Investors had been pulling huge and growing amounts of cash out of these funds each year for almost a decade, even as the U.S. market hit new highs. Then they withdrew only a relatively modest sum in 2013, likely because domestic stocks were robust and showed lower-than-average volatility, says Shelly Antoniewicz, senior economist at the Investment Company Institute, the mutual-fund trade group.
Now the respite is over — and investors are making up for lost time. Actively managed U.S.-stock funds have seen more selling than buying for seven consecutive months, with about $70 billion out the door for the year through September, according to estimated data from investment researcher Morningstar Inc.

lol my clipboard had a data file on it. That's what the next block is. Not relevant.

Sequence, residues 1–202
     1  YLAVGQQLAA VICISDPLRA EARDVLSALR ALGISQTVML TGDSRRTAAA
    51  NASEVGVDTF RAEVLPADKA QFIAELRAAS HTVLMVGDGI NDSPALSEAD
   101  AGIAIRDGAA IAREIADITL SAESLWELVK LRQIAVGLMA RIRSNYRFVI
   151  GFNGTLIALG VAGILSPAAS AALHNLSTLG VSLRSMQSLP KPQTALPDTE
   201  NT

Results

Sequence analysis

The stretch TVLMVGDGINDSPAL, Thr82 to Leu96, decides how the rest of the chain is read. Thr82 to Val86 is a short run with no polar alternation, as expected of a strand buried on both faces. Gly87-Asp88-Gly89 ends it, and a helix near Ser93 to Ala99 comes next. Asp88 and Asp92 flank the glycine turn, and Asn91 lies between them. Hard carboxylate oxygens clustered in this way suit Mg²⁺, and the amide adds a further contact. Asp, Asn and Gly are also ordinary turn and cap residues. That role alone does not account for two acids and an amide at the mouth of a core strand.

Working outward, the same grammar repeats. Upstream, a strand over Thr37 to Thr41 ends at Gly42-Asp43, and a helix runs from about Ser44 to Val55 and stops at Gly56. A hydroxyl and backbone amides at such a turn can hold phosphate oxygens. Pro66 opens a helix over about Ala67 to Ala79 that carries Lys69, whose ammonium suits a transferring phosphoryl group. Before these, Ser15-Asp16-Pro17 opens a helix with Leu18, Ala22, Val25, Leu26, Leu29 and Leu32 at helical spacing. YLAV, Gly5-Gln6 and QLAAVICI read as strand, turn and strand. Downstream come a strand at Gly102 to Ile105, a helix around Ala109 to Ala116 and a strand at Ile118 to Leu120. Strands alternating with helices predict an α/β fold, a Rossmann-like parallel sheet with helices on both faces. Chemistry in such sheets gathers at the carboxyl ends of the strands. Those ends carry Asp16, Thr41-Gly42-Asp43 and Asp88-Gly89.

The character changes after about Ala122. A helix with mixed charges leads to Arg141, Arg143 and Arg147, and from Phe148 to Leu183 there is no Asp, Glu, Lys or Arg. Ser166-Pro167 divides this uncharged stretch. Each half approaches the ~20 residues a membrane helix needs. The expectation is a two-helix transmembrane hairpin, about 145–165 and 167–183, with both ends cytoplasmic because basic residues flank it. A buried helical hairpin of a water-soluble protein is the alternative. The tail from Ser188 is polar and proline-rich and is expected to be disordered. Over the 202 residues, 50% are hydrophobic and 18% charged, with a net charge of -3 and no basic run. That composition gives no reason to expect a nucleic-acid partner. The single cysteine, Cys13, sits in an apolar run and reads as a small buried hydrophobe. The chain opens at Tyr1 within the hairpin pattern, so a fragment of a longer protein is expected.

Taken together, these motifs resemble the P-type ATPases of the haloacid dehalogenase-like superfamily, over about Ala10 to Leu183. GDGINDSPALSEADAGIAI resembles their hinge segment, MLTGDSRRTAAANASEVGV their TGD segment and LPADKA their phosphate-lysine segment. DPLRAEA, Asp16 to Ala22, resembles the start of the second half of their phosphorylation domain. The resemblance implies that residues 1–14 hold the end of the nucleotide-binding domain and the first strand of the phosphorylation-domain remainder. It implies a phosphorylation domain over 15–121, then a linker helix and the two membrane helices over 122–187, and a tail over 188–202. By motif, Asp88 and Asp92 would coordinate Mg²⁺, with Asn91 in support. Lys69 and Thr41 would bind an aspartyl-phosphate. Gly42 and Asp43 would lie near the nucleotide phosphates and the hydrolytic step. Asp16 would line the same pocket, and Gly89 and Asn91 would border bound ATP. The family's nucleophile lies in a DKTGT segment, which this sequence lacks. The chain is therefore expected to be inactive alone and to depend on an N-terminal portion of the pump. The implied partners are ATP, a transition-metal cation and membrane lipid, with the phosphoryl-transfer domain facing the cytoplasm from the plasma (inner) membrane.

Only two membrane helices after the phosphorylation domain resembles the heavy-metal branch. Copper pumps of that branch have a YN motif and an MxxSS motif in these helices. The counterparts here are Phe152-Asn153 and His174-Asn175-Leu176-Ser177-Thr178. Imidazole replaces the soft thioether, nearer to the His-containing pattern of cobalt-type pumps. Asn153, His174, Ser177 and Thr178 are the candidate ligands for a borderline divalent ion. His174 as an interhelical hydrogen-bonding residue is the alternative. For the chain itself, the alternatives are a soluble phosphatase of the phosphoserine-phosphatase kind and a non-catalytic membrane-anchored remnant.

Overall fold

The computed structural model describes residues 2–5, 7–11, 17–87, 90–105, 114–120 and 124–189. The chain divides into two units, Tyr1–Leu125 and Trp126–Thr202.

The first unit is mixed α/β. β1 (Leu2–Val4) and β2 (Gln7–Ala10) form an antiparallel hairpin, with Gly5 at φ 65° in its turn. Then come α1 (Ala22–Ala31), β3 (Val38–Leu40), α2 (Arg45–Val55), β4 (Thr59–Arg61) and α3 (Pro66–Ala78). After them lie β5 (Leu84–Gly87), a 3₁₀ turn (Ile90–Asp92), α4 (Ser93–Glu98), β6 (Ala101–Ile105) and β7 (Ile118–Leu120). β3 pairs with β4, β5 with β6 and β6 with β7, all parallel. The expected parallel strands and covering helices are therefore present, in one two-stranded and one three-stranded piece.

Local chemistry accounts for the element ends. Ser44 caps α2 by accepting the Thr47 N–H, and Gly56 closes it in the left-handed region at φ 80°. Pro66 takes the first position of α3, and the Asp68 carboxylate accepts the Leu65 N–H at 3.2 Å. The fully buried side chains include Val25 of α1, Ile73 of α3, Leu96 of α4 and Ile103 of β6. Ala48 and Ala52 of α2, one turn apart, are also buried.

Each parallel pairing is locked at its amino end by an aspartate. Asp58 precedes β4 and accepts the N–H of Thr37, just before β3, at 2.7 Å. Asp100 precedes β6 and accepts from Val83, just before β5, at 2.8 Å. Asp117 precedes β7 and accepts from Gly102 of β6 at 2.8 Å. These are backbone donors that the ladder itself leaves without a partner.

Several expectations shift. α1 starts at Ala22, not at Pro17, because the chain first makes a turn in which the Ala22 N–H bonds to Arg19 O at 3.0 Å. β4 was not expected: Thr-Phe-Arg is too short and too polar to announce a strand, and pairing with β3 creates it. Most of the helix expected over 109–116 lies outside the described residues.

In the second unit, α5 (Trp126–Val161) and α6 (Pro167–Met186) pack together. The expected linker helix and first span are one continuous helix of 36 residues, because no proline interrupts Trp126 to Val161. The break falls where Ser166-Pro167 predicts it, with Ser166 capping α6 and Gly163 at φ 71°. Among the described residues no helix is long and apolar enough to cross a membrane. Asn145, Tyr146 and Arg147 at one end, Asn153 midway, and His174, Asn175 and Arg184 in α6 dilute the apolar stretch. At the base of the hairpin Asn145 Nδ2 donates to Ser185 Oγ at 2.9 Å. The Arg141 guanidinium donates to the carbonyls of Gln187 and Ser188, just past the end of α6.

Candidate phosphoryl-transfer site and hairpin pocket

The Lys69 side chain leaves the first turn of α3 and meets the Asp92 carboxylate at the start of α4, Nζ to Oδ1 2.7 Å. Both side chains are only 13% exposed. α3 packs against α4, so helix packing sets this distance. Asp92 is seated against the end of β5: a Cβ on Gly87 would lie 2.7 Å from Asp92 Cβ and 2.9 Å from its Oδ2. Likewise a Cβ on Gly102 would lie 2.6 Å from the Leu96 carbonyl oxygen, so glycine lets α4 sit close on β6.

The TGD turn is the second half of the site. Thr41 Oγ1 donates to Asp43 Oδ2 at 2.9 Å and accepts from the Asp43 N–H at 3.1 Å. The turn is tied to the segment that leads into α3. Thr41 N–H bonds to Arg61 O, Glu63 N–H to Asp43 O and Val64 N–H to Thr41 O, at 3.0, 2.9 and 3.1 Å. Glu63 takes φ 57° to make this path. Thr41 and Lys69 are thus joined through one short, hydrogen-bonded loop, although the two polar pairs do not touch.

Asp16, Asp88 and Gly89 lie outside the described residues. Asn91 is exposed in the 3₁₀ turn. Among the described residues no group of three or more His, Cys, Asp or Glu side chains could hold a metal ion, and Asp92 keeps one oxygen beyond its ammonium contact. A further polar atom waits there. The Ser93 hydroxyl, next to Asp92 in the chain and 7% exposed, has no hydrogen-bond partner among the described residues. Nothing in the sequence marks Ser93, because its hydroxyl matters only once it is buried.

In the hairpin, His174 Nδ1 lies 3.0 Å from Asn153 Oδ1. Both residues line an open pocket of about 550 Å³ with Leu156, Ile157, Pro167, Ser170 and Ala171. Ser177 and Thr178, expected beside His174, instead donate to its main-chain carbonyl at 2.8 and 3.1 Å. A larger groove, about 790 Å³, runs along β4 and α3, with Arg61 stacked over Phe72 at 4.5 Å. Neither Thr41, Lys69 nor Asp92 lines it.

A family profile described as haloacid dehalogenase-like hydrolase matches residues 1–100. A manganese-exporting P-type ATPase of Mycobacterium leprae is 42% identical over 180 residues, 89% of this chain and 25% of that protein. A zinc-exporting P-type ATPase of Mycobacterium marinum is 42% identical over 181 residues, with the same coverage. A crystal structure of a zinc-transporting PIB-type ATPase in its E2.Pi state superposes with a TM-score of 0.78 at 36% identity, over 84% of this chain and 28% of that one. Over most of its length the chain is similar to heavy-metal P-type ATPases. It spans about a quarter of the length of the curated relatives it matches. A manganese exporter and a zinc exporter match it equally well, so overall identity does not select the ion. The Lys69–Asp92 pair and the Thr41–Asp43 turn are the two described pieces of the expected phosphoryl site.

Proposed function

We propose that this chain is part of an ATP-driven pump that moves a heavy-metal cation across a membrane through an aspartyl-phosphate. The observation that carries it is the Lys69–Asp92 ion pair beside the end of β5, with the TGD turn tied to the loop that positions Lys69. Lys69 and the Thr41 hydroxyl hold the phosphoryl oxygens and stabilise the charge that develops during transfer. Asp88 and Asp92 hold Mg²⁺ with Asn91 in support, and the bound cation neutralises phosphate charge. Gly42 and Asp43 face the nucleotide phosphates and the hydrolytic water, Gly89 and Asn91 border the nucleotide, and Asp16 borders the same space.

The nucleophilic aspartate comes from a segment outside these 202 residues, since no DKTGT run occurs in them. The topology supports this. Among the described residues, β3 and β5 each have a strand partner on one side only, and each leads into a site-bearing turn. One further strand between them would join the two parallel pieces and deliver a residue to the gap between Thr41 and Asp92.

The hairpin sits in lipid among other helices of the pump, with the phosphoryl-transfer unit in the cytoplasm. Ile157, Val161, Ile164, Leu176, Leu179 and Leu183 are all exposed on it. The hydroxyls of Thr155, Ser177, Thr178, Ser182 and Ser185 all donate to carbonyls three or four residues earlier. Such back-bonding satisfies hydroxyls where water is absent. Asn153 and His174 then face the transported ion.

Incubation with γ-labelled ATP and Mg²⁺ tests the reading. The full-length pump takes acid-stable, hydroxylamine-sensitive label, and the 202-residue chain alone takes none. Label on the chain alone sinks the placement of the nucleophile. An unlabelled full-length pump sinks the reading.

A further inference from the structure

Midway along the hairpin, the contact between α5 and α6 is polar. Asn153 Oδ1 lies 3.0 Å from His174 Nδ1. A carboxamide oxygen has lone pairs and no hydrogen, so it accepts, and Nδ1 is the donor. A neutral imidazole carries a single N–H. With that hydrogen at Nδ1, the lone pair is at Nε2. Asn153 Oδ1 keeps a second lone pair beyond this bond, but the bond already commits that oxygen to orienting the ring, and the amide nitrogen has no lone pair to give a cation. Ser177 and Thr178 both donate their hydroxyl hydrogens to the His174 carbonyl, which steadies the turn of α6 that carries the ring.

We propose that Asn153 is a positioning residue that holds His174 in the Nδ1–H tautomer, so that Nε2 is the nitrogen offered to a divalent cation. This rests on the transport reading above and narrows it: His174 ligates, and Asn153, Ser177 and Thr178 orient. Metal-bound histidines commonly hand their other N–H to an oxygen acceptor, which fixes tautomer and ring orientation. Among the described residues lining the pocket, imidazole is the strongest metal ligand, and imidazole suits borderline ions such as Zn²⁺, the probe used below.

‘Active management has never been in worse repute’
Yes, investors are still sinking money into U.S. stocks. But increasingly they are doing it through traditional index mutual funds and exchange-traded funds that track a specific market benchmark or sector, without the variability of a fund manager’s hand. While active stock funds have been seeing uninterrupted outflows, passive U.S.-stock funds have collected inflows for eight months in a row.
Meanwhile, other broad categories are booming, too. Investors are piling into bond funds and both active and index international-stock funds.